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Genesis 27:5

    Genesis 27:5 Translations

    King James Version (KJV)

    And Rebekah heard when Isaac spake to Esau his son. And Esau went to the field to hunt for venison, and to bring it.

    American King James Version (AKJV)

    And Rebekah heard when Isaac spoke to Esau his son. And Esau went to the field to hunt for venison, and to bring it.

    American Standard Version (ASV)

    And Rebekah heard when Isaac spake to Esau his son. And Esau went to the field to hunt for venison, and to bring it.

    Basic English Translation (BBE)

    Now Isaac's words to his son were said in Rebekah's hearing. Then Esau went out to get the meat.

    Webster's Revision

    And Rebekah heard when Isaac spake to Esau his son. And Esau went to the field to hunt for venison, and to bring it.

    World English Bible

    Rebekah heard when Isaac spoke to Esau his son. Esau went to the field to hunt for venison, and to bring it.

    English Revised Version (ERV)

    And Rebekah heard when Isaac spake to Esau his son. And Esau went to the field to hunt for venison, and to bring it.

    Clarke's Commentary on Genesis 27:5

    And Rebekah heard - And was determined, if possible, to frustrate the design of Isaac, and procure the blessing for her favorite son. Some pretend that she received a Divine inspiration to the purpose; but if she had she needed not to have recourse to deceit, to help forward the accomplishment. Isaac, on being informed, would have had too much piety not to prefer the will of his Maker to his own partiality for his eldest son; but Rebekah had nothing of the kind to plead, and therefore had recourse to the most exceptionable means to accomplish her ends.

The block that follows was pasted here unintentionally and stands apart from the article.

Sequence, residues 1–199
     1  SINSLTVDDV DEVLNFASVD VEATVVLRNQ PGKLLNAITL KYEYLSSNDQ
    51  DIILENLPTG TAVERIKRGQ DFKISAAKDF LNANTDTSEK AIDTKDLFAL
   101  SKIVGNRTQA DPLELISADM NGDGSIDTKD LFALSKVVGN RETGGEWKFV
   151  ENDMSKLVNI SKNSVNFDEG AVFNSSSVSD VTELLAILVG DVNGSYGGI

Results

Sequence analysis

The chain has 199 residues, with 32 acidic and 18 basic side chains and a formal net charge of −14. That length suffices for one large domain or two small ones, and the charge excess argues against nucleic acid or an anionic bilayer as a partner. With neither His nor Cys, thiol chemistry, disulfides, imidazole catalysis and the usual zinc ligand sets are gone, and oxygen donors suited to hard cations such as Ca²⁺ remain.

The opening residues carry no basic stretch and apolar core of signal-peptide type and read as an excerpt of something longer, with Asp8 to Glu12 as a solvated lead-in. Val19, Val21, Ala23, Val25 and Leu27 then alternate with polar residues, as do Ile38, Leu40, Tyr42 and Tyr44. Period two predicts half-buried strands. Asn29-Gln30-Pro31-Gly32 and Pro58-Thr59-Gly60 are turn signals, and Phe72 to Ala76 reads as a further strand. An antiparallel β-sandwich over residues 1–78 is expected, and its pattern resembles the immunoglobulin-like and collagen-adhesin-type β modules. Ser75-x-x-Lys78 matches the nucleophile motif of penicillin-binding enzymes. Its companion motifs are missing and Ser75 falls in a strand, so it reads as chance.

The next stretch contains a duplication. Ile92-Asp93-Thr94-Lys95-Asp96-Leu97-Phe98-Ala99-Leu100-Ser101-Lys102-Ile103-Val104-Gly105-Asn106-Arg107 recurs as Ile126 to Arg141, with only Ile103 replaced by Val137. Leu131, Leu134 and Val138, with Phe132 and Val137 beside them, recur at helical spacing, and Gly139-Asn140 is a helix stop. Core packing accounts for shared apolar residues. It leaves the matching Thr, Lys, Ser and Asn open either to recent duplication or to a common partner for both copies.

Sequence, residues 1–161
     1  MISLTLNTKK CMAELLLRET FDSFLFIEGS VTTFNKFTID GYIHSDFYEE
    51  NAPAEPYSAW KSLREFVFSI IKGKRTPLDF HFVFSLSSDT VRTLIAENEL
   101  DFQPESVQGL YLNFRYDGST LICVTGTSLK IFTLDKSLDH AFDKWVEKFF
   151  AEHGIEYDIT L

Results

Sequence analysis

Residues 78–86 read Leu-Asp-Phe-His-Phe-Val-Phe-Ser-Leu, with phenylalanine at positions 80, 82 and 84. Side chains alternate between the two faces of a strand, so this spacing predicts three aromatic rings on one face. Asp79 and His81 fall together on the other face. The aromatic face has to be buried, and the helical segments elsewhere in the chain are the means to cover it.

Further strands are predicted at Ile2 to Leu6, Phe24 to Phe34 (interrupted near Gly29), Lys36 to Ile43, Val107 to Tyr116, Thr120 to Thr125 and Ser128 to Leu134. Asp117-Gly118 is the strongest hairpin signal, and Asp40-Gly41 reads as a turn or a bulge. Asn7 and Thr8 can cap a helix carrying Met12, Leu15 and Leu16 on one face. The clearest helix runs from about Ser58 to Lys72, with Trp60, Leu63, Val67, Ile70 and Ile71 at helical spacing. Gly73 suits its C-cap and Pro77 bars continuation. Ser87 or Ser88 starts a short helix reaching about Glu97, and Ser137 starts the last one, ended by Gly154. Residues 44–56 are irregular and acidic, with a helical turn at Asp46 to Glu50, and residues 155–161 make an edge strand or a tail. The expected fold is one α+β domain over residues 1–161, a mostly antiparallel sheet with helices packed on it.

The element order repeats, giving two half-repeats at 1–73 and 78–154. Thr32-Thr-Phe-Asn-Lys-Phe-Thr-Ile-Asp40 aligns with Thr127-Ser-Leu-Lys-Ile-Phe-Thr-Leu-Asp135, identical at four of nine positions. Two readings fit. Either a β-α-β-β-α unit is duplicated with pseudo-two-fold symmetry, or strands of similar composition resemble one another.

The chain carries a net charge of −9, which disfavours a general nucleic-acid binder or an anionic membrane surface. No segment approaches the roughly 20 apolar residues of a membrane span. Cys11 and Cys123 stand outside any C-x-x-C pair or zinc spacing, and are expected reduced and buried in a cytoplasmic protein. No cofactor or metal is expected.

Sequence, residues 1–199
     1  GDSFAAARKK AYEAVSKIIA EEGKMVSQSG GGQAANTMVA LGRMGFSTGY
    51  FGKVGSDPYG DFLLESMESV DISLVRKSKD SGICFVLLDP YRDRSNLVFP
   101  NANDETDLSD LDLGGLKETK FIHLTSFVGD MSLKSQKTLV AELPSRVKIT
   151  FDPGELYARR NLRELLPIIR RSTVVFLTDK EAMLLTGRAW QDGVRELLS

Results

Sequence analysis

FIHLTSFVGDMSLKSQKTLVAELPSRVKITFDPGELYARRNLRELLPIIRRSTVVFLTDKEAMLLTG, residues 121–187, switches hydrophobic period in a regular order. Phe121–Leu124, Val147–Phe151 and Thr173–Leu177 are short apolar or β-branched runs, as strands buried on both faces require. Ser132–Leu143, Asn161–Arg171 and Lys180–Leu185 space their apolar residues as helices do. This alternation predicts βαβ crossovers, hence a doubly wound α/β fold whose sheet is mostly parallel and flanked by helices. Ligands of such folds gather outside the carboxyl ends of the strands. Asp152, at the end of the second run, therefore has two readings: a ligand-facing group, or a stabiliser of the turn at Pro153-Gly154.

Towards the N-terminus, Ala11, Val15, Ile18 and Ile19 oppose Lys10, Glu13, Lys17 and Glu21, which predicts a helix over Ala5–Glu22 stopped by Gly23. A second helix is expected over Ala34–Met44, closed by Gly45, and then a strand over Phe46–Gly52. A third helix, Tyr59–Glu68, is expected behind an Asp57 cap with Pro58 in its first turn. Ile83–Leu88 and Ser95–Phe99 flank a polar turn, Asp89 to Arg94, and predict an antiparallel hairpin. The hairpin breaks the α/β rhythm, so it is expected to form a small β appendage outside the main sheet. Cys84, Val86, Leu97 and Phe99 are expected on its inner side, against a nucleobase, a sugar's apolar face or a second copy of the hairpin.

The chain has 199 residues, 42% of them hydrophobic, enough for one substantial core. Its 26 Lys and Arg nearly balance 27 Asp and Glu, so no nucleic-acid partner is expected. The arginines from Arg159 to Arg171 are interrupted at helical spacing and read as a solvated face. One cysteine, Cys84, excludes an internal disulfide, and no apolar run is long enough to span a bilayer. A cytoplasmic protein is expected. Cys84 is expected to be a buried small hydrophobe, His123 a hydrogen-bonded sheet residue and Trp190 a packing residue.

Barnes' Notes on Genesis 27:5

    Rebekah forms a plan for diverting the blessing from Esau to Jacob. She was within hearing when the infirm Isaac gave his orders, and communicates the news to Jacob. Rebekah has no scruples about primogeniture. Her feelings prompt her to take measures, without waiting to consider whether they are justifiable or not, for securing to Jacob that blessing which she has settled in her own mind to be destined for him. She thinks it necessary to interfere that this end may not fail of being accomplished. Jacob views the matter more coolly, and starts a difficulty. He may be found out to be a deceiver, and bring his father's curse upon him. Rebekah, anticipating no such issue; undertakes to bear the curse that she conceived would never come. Only let him obey.

    Verse 14-29

    The plan is successful. Jacob now, without further objection, obeys his mother. She clothes him in Esau's raiment, and puts the skins of the kids on his hands and his neck. The camel-goat affords a hair which bears a great resemblance to that of natural growth, and is used as a substitute for it. Now begins the strange interview between the father and the son. "Who art thou, my son?" The voice of Jacob was somewhat constrained. He goes, however, deliberately through the process of deceiving his father. "Arise, now, sit and eat." Isaac was reclining on his couch, in the feebleness of advancing years. Sitting was the posture convenient for eating. "The Lord thy God prospered me." This is the bold reply to Isaac's expression of surprise at the haste with which the dainty fare had been prepared. The bewildered father now puts Jacob to a severer test. He feels him, but discerns him not. The ear notes a difference, but the hand feels the hairy skin resembling Esau's; the eyes give no testimony. After this the result is summarily stated in a single sentence, though the particulars are yet to be given. "Art thou my very son Esau?" A lurking doubt puts the definite question, and receives a decisive answer. Isaac then calls for the repast and partakes.